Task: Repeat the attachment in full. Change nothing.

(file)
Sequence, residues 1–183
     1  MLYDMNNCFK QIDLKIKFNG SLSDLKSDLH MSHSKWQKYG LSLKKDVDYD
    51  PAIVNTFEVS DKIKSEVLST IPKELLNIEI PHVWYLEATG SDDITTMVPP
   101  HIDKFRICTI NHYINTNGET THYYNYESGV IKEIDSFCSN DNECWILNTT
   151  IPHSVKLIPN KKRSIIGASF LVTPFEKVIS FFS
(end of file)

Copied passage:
Sequence, residues 1–183
     1  MLYDMNNCFK QIDLKIKFNG SLSDLKSDLH MSHSKWQKYG LSLKKDVDYD
    51  PAIVNTFEVS DKIKSEVLST IPKELLNIEI PHVWYLEATG SDDITTMVPP
   101  HIDKFRICTI NHYINTNGET THYYNYESGV IKEIDSFCSN DNECWILNTT
   151  IPHSVKLIPN KKRSIIGASF LVTPFEKVIS FFS